lighty, noun

Forms:
laaitie, laaityShow more Also laaitie, laaity, laitie, lightee, lightie, litie.
Origin:
English, AfrikaansShow more ‘App. ex English adj. light (of heart, mind, head)’ (E. Partridge, Dict. of Underworld, 1950) + English (informal) noun-forming suffix -y. The -aai- and -ai- forms show the influence of Afrikaans.
colloquial
1. A (male) child, adolescent, or young adult.
1946 Cape Times in E. Partridge Dict. of Underworld (1950) 409No ‘lighty’..should presume to call her a ‘jintoe’..the lighty would be guilty of using ‘opposite’ (obscene) language.
1970 M. Bennett Informant, KrugersdorpLitie. Small boy.
1974 A.P. Brink Looking on Darkness 119She was struck dumb when I told her about University. ‘You? Jiss, but you’re a deep lightie, hey?’
1980 R. Govender Lahnee’s Pleasure 14When we was lighties we couldn’t catch a joll like today’s lighties. We used to get it — one day my father hit me with a sjambok.
1986 Vula July 33They are always looking for the easy way out. You get a laaitie coming to you and saying, ‘Bra Vic, what is the formula for producing a hit?’
1990 J. Naidoo Coolie Location 25It was the Location way for us lightees to associate ourselves with someone three to five years older than ourselves. These older boys were our mentors and protectors.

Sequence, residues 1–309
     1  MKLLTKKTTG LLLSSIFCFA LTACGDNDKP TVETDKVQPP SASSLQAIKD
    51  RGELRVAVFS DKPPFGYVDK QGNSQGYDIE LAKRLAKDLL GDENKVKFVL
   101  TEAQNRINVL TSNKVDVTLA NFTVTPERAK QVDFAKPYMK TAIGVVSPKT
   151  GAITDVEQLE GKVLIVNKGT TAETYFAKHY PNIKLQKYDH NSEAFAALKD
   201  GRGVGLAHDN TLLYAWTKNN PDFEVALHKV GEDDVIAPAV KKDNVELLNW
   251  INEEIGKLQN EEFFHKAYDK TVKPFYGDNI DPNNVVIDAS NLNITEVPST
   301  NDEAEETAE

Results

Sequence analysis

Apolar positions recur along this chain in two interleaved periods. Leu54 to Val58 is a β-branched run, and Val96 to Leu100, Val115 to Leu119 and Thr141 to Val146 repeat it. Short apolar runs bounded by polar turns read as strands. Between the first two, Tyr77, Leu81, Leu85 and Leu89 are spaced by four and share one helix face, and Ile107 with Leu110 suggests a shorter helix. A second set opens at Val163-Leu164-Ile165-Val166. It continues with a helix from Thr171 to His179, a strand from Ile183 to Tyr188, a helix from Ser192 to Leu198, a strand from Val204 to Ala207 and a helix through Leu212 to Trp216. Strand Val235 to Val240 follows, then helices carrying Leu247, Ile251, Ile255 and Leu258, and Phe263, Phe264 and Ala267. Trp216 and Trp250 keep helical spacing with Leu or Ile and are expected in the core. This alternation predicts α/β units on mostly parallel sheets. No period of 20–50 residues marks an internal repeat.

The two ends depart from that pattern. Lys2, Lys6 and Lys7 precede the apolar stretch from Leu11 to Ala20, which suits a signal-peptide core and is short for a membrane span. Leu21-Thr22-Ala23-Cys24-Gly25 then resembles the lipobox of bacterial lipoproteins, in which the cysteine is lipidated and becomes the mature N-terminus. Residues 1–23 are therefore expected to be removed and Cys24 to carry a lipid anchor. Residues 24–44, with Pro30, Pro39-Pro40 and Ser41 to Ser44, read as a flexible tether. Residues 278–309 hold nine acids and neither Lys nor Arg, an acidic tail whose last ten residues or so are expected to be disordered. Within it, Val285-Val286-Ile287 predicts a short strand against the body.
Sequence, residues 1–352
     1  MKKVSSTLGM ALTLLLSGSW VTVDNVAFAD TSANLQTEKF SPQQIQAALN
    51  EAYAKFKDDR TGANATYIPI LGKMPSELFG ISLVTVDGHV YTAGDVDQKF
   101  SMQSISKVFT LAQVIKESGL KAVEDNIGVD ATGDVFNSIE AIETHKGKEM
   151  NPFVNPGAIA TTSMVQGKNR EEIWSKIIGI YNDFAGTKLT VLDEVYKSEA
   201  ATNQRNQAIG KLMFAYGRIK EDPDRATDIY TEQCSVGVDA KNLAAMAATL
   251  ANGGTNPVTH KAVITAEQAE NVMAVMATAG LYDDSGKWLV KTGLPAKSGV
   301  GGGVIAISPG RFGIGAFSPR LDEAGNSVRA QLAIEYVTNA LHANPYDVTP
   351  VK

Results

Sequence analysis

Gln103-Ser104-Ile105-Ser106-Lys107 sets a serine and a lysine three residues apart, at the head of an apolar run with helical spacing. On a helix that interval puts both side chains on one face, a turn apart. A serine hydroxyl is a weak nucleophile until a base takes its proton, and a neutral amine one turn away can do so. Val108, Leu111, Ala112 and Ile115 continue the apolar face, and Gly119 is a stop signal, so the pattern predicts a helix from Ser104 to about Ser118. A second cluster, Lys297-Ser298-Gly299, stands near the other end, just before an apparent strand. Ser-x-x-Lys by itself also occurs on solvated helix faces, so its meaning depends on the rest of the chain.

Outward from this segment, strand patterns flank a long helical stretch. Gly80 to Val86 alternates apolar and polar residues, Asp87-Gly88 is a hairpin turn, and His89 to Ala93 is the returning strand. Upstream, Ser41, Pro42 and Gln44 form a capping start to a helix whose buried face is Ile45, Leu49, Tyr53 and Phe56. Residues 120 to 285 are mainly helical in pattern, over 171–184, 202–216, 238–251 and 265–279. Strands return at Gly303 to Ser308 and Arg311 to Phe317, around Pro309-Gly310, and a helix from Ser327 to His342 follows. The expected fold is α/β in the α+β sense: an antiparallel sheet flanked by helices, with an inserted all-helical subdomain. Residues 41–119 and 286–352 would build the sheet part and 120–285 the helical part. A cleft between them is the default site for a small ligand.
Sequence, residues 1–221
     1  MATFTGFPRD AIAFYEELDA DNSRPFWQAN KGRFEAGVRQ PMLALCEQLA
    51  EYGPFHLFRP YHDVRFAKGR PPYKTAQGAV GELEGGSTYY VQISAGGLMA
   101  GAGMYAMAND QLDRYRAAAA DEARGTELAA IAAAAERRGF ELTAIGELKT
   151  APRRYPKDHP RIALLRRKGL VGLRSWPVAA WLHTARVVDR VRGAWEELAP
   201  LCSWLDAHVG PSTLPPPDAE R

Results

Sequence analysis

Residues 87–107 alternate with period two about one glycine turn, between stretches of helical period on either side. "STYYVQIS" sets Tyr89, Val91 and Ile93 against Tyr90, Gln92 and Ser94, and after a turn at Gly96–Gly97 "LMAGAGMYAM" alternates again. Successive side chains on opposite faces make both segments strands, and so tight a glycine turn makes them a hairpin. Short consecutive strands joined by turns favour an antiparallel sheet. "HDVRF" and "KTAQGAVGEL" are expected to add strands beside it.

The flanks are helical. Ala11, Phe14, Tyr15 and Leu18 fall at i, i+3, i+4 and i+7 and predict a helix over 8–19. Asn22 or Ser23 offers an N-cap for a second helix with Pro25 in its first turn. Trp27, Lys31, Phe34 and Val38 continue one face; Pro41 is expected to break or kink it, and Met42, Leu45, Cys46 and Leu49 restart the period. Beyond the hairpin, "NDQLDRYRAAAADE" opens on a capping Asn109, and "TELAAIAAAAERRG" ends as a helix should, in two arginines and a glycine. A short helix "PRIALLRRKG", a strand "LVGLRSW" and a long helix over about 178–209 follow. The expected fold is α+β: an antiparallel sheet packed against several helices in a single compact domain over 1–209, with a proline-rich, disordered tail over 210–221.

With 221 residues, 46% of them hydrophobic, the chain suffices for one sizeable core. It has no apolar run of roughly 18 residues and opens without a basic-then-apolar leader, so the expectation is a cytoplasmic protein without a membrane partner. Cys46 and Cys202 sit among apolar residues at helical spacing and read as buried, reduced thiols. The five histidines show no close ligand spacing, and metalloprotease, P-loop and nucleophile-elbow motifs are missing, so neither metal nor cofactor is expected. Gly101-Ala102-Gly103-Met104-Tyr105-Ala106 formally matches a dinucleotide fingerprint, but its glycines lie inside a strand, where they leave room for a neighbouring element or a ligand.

1990 J. Rosenthal Wake Up Singing 61A Standard Six lightie..came in for an innocent leak, and said in staring amazement, ‘Jislaaik! What’s happening?’
1991 K. Macdonald in Style Nov. 67A platteland lightie, Leon L— was born into a strict Afrikaner Calvinist clan, a fact not evident from his impeccable English accent.
2. Prison and underworld slang A young convict, especially the catamite of an older convict; a junior gang member. Cf. goosie sense 1.
1974 Eng. Usage in Sn Afr. Vol.5 No.1, 10The general term laitie now gets specific application.
1975 E. Prov. Herald 8 Aug. 1Witnesses further alleged that prisoners at St Albans had rank systems within gangs, and the lowest ranks, called ‘lighties’, were used by senior convicts for acts of sodomy.
1987 L. Beake Strollers 38It was them what started it — the Spider men. Wanted us to be lighties, you know, join the gang.
3. A term of address, not necessarily to someone younger than the speaker; sometimes expressing a sense of superiority. Often in the phrases my lighty, or (less commonly) my lightitjie [see -ie].
1978 A.P. Brink Rumours of Rain 325Don’t underestimate our boys, lightie. We had a very good look before we made up out minds.
1981 Voice 8 Apr. 2Ya, ‘Terror’, my laaitie, there you are. What do you have to say to all these accusations and criticisms?
1982 M. Mzamane Children of Soweto 17‘See me after school, my laititjie,’ Phakoe said.
A (male) child, adolescent, or young adult.
A young convict, especially the catamite of an older convict; a junior gang member.
A term of address, not necessarily to someone younger than the speaker; sometimes expressing a sense of superiority. Often in the phrasesmy lighty, or (less commonly) my lightitjiesee -ie.
Derivatives:
Hence lighty adjective nonce, young.
1980 R. Govender Lahnee’s Pleasure 38Char ous were working there for years — longer than some of the wit ous, but they weren’t earning more than even the lightie wit ous.
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19461991

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